Norwegian scientists mapping where escaped cod go – Fishupdate.com

Norwegian scientists mapping where escaped cod go Published:  23 November, 2005

COD escaping from their cages can become a problem in fish farms, as is the case for salmon. Therefore Norwegian scientists want to forestall the escapees, and are now in the process of mapping where the cod goes as making escape-proof fish farming cages has proved difficult. Scientists at the Norwegian research institute Fiskeriforskning and the Norwegian Institute for Nature Research (NINA) are collaborating to discover the cod’s escape pattern, and 25 farmed cod are predicted to provide the answer. Each of the selected cod had a small acoustic transmitter implanted in its belly and was then released in Balsfjord in Troms. The transmitters emit an audio signal that is unique for each fish, and a number of sound buoys in the sea register the signals as the cod swim by. They are also tracked from boats. The scientists can then find out where and when the fish have moved after release. The technology is brand new, and has never been used on farmed cod.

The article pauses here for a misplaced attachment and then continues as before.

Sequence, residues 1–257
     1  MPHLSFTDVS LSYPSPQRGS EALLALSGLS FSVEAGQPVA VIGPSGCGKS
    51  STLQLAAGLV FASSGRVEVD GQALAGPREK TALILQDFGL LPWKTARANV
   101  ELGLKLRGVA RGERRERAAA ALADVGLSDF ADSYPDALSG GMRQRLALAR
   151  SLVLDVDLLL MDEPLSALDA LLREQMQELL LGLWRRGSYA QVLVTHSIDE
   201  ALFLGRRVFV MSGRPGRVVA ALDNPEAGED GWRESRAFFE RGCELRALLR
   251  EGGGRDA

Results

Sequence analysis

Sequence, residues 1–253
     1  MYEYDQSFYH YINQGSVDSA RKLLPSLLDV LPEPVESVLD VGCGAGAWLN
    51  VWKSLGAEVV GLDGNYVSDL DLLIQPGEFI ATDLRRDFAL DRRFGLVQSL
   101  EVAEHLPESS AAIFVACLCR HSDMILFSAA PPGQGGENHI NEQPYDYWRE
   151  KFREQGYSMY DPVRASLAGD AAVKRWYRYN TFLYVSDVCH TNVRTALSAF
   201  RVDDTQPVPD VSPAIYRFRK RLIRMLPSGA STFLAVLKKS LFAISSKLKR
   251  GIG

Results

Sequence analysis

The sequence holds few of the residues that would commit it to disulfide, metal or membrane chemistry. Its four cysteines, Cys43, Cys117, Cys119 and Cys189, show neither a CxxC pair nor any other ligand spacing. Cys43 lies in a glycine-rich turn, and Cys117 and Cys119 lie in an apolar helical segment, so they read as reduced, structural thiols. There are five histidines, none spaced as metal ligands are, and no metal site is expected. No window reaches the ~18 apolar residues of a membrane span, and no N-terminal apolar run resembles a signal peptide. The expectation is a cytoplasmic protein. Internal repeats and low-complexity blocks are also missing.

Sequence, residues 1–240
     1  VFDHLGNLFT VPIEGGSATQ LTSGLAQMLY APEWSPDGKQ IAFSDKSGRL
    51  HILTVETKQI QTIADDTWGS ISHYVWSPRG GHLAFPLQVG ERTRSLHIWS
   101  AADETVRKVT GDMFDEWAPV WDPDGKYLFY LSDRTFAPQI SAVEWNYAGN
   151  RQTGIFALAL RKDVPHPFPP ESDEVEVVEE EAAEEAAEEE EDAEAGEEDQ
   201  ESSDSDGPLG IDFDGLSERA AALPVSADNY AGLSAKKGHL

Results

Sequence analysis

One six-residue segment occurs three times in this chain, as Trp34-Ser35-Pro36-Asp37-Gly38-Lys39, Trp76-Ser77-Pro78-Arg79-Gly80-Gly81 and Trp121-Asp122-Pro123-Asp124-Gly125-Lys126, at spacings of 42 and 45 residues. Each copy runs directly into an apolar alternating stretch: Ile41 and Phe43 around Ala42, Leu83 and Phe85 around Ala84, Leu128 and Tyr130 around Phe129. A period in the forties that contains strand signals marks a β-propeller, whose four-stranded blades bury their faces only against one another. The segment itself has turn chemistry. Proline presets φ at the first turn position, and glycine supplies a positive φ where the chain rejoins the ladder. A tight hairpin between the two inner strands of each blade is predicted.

“The goal is to find out where the escaping cod go and whether this technology can make it easier to capture escaped cod”, Scientist Pål Arne Bjørn at Fiskeriforskning said.

If fish escape from fish farms, the farmers can suffer large economic losses. Cod breeding is a rather new industry, and escaping cod are not now a problem. But we still know from experience from salmon farming that escape can become a considerable challenge. Fiskeriforskning’s earlier studies also show that cod are far more inclined to escape through holes in the cage than salmon.

The tests will give us knowledge about how we can adapt the technology and have better monitoring and recapture of escaped cod. The new knowledge will also be used to evaluate potential environmental consequences for the ecosystem.

The project is a collaboration between Fiskeriforskning, NINA, the Canadian universities The University of British Columbia and Memorial University of Newfoundland, and Laponia Seafoods. The project is financed by the Research Council of Norway.

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